Prayer

Friends know that prayer is essential both for deepening their worship and for living rightly ordered lives. Through regular practice, prayer becomes an important means of making God central to our lives.

There is a way of living in prayer at the same time that one is busy with the outward affairs of daily living. This practice of continuous prayer in the presence of God involves developing the habit of carrying on the mental life at two levels. At one level we are immersed in the world of time, of daily affairs. At the same time but at a deeper level of our minds, we are in active relation with the Eternal Life.

— Thomas Kelly, 1942

Since Friends have no prescribed form of prayer, we are free to discover those practices and words that meet our individual and communal needs. Prayer can be sung, thought, spoken, or expressed through the work of our hands or the movements of our bodies. We may use formal prayers, such as The Lord’s Prayer, or our own heartfelt words. We may simply “be” in the Presence where words are unnecessary.

Friends find that prayer:

  • Opens us to Spirit, so that we may come close to God and God may come close to us;
  • Is an instrument of God’s truth and love for and through us;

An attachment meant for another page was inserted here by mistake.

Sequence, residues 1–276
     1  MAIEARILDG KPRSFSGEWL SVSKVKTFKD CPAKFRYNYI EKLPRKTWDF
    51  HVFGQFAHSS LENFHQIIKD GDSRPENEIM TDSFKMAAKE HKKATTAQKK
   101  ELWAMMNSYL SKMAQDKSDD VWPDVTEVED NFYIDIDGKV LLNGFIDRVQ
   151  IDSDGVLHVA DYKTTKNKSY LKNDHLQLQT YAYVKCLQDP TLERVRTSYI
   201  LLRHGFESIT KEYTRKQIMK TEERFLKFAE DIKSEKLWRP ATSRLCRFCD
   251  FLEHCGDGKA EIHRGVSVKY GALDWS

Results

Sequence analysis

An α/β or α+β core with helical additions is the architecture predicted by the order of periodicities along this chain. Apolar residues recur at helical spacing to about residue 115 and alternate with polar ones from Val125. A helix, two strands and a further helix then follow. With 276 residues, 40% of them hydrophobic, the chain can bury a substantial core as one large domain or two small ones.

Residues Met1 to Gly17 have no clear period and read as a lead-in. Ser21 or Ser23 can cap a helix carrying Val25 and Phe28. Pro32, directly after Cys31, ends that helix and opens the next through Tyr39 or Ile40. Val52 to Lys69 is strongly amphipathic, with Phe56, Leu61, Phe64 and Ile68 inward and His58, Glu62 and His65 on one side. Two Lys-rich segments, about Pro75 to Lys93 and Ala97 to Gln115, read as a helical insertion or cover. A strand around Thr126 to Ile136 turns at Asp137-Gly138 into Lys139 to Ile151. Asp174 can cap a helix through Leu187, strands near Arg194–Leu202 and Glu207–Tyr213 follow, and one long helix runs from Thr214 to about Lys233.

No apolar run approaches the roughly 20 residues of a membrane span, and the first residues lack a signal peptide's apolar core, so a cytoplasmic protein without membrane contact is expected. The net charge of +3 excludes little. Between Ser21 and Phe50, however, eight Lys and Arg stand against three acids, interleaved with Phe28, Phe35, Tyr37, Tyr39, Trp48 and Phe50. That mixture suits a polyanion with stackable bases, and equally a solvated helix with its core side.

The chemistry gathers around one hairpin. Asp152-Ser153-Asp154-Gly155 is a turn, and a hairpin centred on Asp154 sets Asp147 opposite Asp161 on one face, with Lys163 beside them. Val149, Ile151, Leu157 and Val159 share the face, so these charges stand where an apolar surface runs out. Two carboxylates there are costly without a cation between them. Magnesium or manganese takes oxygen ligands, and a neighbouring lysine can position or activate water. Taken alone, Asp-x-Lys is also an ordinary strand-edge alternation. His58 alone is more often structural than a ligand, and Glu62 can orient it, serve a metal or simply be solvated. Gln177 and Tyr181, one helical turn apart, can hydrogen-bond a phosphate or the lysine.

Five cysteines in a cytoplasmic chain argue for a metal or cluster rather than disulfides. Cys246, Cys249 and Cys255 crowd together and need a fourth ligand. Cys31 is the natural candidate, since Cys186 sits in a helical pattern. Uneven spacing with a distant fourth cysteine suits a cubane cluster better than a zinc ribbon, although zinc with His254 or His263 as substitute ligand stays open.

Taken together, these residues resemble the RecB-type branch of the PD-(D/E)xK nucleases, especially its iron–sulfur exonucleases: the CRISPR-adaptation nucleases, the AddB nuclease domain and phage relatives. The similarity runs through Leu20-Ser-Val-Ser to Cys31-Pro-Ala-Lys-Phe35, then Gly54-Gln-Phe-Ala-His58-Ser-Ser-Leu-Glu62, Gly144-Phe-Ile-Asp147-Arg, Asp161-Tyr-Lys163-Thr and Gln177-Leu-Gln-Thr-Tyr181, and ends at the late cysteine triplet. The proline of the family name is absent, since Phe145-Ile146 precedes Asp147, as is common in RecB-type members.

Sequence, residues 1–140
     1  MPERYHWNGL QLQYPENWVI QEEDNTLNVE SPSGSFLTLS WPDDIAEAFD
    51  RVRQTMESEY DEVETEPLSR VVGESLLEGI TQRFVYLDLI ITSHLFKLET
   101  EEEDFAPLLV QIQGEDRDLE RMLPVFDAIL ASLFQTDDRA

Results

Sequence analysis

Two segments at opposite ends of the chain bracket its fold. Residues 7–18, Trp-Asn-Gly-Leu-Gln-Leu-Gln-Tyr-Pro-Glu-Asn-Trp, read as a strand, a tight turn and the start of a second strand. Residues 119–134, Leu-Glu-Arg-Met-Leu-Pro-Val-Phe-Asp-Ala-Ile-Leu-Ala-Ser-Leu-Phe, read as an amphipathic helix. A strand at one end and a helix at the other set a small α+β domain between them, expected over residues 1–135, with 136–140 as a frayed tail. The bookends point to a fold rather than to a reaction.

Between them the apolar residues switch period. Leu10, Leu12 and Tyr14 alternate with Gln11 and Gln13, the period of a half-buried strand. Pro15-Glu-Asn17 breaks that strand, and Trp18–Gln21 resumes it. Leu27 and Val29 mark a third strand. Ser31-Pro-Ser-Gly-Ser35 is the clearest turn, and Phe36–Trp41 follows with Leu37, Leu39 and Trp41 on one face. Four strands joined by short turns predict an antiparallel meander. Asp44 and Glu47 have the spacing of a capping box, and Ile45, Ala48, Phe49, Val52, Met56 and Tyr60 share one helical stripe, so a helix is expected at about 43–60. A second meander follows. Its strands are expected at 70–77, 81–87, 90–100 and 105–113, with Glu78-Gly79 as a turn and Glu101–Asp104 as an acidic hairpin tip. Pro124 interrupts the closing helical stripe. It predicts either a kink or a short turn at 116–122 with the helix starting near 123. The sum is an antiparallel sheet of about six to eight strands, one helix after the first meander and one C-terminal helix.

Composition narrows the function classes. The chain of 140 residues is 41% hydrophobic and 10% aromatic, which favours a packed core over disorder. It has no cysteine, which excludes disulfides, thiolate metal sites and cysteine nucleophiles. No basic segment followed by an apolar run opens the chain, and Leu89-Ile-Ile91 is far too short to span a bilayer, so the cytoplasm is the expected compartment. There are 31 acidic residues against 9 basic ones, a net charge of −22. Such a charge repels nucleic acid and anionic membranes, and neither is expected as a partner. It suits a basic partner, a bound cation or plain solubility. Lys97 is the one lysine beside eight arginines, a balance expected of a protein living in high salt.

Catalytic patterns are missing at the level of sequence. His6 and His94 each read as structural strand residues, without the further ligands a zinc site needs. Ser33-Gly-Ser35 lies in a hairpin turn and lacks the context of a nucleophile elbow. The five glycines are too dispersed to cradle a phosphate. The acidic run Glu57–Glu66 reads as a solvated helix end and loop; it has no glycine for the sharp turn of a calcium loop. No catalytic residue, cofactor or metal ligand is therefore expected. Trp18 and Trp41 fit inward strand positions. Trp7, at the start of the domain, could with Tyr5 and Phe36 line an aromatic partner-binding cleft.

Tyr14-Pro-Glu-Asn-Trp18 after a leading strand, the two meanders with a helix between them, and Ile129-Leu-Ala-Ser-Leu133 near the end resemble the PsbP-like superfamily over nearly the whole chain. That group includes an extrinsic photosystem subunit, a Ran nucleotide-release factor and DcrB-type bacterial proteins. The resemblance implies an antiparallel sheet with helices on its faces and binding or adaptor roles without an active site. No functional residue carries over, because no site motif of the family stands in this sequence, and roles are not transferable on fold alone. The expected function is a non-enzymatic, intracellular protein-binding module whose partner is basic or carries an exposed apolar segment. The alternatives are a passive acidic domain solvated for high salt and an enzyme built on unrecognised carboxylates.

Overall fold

• Enables us to listen deeply for truth, to be healed and become whole;
  • Helps us to wait for guidance from the Inward Teacher;
  • Expresses to Spirit our gratitude, desire, love, joy, and thanksgiving;
  • Pours forth our sorrow, anger, struggle, and confession;
  • Unites us with those of other faiths;
  • Leads us to transformation, faithfulness, and service.

Friends are aware that praying by “holding in the Light” can contribute to healing for those who suffer. Holding a person in the Light is a way of focusing love, without any expectation other than that the recipient becomes whole in the moment and experiences the Spirit deeply. In this form of prayer a specific outcome is not the intention, though comfort and a sense of spiritual well-being may often result.